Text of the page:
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News posted on Wednesday 6th September, 2023

Kiwi Para sport volunteer shortlisted for global award

Becs, a caucasian woman wearing a black shirt and glasses, smiles at the camera. There's a physio bed in the background
  • Para sport classifier Rebecca ‘Becs’ Foulsham is in the running for a global PARA SPORT Award.
  • Foulsham made a huge contribution to Para sport in 2022 and 2023, enabling Para athletes in several countries and sports to compete at the highest level.
  • The International Paralympic Committee (IPC) runs the PARA SPORT Awards.
  • Foulsham is one of three people globally who has been shortlisted for the Citi Volunteer of the Year.

Rebecca ‘Becs’ Foulsham is not a Paralympian, but she has contributed to Para sport for over two decades. She is a classifier, a trained professional who assesses disabled athletes to determine their eligibility and which sport class they will compete in.

A physiotherapist by profession, she works as a casual contractor, to balance her work and Para sport commitments. In 2022, World Para Athletics appointed the Havelock North resident as their Head of Classification globally. Through 2022 and 2023 she worked in 5 countries across 3 continents for her role.

It was this level of commitment which caught the attention of the PARA SPORT Awards panel. She engaged in nearly ten international events between 2022 and 2023, including countries such as Mexico, Germany, Tunisia, Morocco and the UK. There she mainly served as chief classifier. If that wasn’t enough, she also travelled to 6 national competitions, and processed a huge 48 New Zealand eligibility applications.

Paralympics New Zealand CEO Greg Warnecke encourages Kiwis to show their support by voting for Foulsham.

“It would be incredible to see a Kiwi of Rebecca’s skill and dedication recognised on the world stage. She’s a real behind-the-scenes hero, and her work transforms lives.”

Becs’ incredible journey

Foulsham’s journey as a classifier began when she was watching her husband NZ Paralympian #77 Gavin Foulsham training on the track. Paralympics New Zealand, who needed a new classifier for athletics, approached Foulsham. She agreed to take on the role, despite having little knowledge of the classification system:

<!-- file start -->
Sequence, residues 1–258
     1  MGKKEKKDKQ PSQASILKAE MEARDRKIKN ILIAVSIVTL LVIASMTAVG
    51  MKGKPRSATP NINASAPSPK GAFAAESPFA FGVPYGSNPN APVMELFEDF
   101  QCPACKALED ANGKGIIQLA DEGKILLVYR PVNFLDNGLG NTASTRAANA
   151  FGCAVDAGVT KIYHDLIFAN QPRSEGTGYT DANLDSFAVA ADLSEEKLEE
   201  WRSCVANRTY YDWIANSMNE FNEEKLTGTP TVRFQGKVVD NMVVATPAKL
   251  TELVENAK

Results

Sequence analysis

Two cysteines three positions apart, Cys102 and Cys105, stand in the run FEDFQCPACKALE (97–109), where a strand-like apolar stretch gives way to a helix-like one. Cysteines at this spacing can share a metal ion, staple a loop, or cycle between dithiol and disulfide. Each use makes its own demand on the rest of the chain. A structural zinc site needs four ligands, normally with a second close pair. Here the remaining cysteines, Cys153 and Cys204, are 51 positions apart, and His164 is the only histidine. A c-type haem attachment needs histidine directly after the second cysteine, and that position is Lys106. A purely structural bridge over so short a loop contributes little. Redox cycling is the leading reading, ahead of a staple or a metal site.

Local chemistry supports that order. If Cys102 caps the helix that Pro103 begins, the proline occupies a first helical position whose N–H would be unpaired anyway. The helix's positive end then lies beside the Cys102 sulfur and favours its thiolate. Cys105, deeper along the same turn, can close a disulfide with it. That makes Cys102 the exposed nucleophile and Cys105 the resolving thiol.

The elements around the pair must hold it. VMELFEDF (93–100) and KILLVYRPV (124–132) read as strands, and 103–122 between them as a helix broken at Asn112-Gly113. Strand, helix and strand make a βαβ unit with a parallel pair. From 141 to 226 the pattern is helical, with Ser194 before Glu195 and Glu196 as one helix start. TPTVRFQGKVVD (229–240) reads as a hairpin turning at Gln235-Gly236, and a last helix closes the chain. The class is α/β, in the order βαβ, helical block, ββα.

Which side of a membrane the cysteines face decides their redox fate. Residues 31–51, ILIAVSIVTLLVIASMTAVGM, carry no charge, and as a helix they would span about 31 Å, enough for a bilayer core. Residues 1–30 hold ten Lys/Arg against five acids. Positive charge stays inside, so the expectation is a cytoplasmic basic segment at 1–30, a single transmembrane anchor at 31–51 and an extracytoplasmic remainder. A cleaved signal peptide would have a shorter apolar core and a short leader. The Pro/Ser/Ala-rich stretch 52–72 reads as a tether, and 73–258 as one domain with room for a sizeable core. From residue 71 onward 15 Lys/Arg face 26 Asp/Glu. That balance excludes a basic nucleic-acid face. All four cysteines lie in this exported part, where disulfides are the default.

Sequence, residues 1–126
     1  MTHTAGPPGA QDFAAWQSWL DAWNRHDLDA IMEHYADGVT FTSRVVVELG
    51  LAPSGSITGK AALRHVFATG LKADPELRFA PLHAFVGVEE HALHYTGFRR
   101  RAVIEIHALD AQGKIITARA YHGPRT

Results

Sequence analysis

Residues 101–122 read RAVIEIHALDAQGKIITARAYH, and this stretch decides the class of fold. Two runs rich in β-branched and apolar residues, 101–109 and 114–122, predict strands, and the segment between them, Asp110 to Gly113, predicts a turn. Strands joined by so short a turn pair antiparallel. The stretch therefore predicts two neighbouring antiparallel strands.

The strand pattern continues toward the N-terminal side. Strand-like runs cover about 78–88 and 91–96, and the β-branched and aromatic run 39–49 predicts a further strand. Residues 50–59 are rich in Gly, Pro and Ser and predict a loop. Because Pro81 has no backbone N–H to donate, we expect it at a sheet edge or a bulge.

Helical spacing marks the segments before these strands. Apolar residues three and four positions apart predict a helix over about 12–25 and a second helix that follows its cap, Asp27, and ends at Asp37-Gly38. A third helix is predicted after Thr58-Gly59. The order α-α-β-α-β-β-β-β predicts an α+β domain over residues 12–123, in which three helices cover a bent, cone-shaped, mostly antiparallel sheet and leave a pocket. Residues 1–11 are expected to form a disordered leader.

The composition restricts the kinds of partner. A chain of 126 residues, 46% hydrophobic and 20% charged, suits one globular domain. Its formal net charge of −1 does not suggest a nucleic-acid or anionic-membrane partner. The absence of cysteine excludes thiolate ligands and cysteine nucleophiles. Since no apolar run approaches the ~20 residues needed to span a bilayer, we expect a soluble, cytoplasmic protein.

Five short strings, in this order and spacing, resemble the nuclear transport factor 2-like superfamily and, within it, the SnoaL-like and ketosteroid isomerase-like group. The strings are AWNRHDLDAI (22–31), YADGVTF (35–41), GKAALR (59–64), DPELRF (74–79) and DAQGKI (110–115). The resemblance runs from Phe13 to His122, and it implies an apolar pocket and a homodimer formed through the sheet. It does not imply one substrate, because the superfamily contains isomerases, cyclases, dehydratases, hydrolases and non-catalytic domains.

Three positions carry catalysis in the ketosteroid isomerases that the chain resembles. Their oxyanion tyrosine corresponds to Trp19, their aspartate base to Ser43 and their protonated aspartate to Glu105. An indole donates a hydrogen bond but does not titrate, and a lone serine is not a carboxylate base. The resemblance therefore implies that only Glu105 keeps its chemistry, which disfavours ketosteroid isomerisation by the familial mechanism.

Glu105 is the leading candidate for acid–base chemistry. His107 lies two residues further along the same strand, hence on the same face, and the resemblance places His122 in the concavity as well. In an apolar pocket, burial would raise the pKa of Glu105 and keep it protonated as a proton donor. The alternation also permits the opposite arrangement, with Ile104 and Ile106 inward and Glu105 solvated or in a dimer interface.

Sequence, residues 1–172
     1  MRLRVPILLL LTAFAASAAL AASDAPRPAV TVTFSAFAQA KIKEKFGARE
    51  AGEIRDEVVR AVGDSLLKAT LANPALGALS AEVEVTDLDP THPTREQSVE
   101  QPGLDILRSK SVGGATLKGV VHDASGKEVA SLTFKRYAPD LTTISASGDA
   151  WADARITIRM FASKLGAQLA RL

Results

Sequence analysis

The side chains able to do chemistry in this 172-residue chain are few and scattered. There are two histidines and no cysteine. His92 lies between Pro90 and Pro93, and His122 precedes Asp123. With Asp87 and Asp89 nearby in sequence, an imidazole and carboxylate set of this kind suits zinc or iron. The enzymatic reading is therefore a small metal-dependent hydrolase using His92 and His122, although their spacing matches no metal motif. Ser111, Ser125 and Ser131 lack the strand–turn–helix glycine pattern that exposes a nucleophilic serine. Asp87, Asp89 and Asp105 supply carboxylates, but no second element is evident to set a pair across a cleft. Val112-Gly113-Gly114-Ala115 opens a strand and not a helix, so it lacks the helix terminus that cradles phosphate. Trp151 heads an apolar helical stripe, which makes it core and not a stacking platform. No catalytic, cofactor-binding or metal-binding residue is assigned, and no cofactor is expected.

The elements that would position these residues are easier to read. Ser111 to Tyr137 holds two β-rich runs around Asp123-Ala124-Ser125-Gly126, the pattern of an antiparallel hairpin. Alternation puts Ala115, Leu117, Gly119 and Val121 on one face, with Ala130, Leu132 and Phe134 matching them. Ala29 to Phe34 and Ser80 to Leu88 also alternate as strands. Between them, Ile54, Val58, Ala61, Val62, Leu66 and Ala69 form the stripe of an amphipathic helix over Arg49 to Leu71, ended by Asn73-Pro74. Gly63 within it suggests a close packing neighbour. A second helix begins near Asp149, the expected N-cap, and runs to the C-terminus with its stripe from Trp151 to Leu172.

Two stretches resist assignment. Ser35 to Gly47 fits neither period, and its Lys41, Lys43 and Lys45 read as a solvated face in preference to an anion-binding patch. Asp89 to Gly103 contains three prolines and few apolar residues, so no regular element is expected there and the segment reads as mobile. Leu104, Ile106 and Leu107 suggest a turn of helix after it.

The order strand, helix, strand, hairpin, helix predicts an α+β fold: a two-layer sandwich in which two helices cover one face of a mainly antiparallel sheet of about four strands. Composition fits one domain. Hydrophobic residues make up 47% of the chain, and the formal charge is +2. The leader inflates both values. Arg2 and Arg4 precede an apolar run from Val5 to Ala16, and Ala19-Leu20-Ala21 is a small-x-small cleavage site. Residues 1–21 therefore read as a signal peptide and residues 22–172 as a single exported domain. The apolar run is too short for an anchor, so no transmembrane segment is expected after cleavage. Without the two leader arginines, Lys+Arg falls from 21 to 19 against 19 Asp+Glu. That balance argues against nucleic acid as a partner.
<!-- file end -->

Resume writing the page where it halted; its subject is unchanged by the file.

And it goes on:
“I was completely naive to the complexities of classification which is probably why I said yes! My early experiences and the thrill of being at the Sydney 2000 Paralympic Games meant I was hooked very easily.”

In 25 years as a classifier, Foulsham has classified athletes at various levels of competition, from national to regional to international. She has been a key contributor to Para sport development in New Zealand across multiple sports during this time, and internationally she helps develop and update classification rules and educates other classifiers.

She is proud of her contribution to Para sport and hopes to continue for as long as she can:

“I love being part of the Para sport community and seeing the amazing achievements of the athletes. I feel privileged to be able to play a small role in their journeys.”

About the PARA SPORT Awards

The 2023 PARA SPORT Awards run alongside the IPC General Assembly on 27 September 2023 in Bahrain.

They will celebrate the terrific achievements of summer and winter sport athletes in one event, along with recognising the work of volunteers, coaches, and members of the IPC whose efforts have contributed to strengthening the impact of Para sports worldwide.

Ten categories will be awarded overall, seven of which will be awarded during the 2023 PARA SPORT Awards ceremony in Bahrain. The Citi Volunteer Award is the only award that has a public vote.

About classification in Para sport

  • Classification provides a structure for fair and equitable competition within the Paralympic Movement.
  • It groups athletes with disabilities into sports classes according to how much their impairment affects their ability to carry out the fundamental activities in a specific sport.
  • Classification is carried out through a process called Athlete Evaluation. Athlete Evaluation takes place several days before competitions begin.
  • Classifiers for athletes with a physical impairment are specialist medical and/or technical experts. Classifiers for athletes with a visual impairment have a background in ophthalmology or optometry. Psychologists and Para sport experts are responsible for the classification of athletes with an intellectual impairment.
  • Depending on the type and severity of the impairment, or in the case of a junior athlete, or athlete with a new acquired impairment, an athlete may be classified several times in their career.

More information on classification.

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